We can also do targeted messaging through Handshake. I can pull all of my seniors that are in the College of Business who major in management, finance, accounting, cybersecurity, or whatever other programs the firm is looking for, and we can send the students a specifically targeted email about that firm and call it a spotlight. Like, “Hey check out this great company — oh, by the way, they’ll be attending the virtual Meet the Firms event in two weeks.” We can do those types of pre-branding things in advance, and I think organizations looking to get that extra push need to ask the university career centers if they’re offering any other ways to make announcements.
UWRCPAR: Do you have any advice on how firms (specifically local, smaller, or medium-sized firms) can stand out during this event, amongst larger, more well-known firms?
MB: For the smaller firms, if they talk with the career centers or talk with someone in employer relations, a lot of us can sit down with them and help them create a recruiting strategy. The smaller firms just need to be really transparent with their goals as they look at the size of events or return on investments. For example, “Is this event going to give us the ROI that we’re looking for? : By the end of this semester, we really want to have connected with X number of students.” By having these types of conversations with us, we e can help determine what they need and how to reach those goals.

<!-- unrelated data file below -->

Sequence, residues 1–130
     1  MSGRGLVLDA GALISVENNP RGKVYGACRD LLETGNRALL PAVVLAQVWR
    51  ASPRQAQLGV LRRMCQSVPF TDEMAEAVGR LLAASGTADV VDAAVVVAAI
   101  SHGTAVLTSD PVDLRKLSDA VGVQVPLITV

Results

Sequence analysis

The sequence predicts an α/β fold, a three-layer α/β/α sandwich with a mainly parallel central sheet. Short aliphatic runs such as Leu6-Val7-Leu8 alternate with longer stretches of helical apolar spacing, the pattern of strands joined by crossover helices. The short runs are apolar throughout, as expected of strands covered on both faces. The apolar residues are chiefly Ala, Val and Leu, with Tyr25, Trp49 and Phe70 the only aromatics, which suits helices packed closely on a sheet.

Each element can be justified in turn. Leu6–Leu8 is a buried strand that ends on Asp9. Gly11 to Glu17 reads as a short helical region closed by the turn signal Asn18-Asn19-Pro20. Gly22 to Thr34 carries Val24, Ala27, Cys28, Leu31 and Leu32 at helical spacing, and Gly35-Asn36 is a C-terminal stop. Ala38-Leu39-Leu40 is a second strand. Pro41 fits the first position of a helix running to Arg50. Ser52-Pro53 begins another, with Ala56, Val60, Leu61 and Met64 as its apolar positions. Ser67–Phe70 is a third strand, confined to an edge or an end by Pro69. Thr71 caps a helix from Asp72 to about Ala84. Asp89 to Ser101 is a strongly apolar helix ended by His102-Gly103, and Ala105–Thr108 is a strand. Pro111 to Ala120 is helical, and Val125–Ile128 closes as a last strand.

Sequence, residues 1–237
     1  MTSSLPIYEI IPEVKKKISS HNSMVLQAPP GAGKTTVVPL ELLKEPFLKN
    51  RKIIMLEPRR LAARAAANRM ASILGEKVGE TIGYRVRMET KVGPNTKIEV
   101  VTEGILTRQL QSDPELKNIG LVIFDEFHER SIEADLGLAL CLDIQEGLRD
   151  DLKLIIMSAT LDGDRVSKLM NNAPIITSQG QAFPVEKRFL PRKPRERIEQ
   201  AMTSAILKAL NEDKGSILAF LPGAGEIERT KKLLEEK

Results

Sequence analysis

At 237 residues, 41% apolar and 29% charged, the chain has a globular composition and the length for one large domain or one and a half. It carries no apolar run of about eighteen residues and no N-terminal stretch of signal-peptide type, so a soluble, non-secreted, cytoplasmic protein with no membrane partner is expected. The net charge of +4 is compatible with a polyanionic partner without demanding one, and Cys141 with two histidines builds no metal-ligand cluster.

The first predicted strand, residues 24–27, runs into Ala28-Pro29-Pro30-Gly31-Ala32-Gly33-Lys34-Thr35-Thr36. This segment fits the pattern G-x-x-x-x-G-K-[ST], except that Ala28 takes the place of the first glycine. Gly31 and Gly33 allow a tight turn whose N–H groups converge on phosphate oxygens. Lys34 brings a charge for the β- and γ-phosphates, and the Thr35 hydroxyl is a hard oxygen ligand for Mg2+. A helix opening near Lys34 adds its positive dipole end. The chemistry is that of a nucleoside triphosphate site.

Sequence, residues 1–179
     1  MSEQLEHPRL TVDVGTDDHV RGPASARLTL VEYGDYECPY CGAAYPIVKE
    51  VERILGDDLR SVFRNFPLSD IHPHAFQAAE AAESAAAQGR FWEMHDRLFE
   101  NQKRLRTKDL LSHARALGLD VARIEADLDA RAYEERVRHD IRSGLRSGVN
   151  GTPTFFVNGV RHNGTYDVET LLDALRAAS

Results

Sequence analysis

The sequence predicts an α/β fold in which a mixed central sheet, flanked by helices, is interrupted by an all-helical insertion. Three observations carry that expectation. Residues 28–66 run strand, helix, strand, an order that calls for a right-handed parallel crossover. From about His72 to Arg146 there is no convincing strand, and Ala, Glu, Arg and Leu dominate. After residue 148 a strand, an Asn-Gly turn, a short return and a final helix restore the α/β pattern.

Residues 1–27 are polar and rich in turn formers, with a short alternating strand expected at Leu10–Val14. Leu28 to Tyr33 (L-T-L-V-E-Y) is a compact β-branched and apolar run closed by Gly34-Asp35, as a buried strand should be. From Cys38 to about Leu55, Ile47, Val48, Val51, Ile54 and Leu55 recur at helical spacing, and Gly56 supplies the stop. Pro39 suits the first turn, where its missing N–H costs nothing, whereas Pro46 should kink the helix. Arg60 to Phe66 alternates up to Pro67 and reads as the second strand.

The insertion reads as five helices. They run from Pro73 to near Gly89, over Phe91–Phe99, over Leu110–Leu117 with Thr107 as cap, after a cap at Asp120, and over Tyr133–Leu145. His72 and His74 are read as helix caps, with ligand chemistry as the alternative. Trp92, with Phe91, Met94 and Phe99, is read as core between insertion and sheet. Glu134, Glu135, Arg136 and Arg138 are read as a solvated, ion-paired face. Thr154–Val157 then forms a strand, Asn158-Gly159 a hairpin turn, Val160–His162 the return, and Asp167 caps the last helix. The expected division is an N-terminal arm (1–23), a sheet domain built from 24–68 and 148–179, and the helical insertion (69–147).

I have a couple of firms that I’m working with right now that don’t even have open positions because they’ve been able to retain everyone they recruited last semester But they don’t want their brand to go cold, so they’ve said: “Hey, we don’t have any hiring goals but we have a branding goal.” So I can plug them into certain events throughout the semester that will support that goal. It’s important for smaller firms to identify their goals for the semester and reach out to us to help put together a strategy –especially between September and October. Those are the eight primary weeks that firms have to really get in front of those students.
UWRCPAR: Lastly, are there any obstacles or roadblocks that firms should be aware of as they prepare for these events?
MB: I think that as much as we want to claim that we’re Zoom experts right now, there is still disruption with technology. Like I said earlier, UT is a Handshake school, but a firm that is planning on attending 10 different Meet the Firms events could be using three different virtual career platforms. And usually, that kind of responsibility is on the University, but hopefully, employers don’t see too much disruption. Technology (and video fatigue) are just something that employers have to be mindful of.
A big thank you to Matt Battista for sharing his tips with us! We hope you find some of these tips useful when preparing for future virtual Meet the Firms events. Good luck!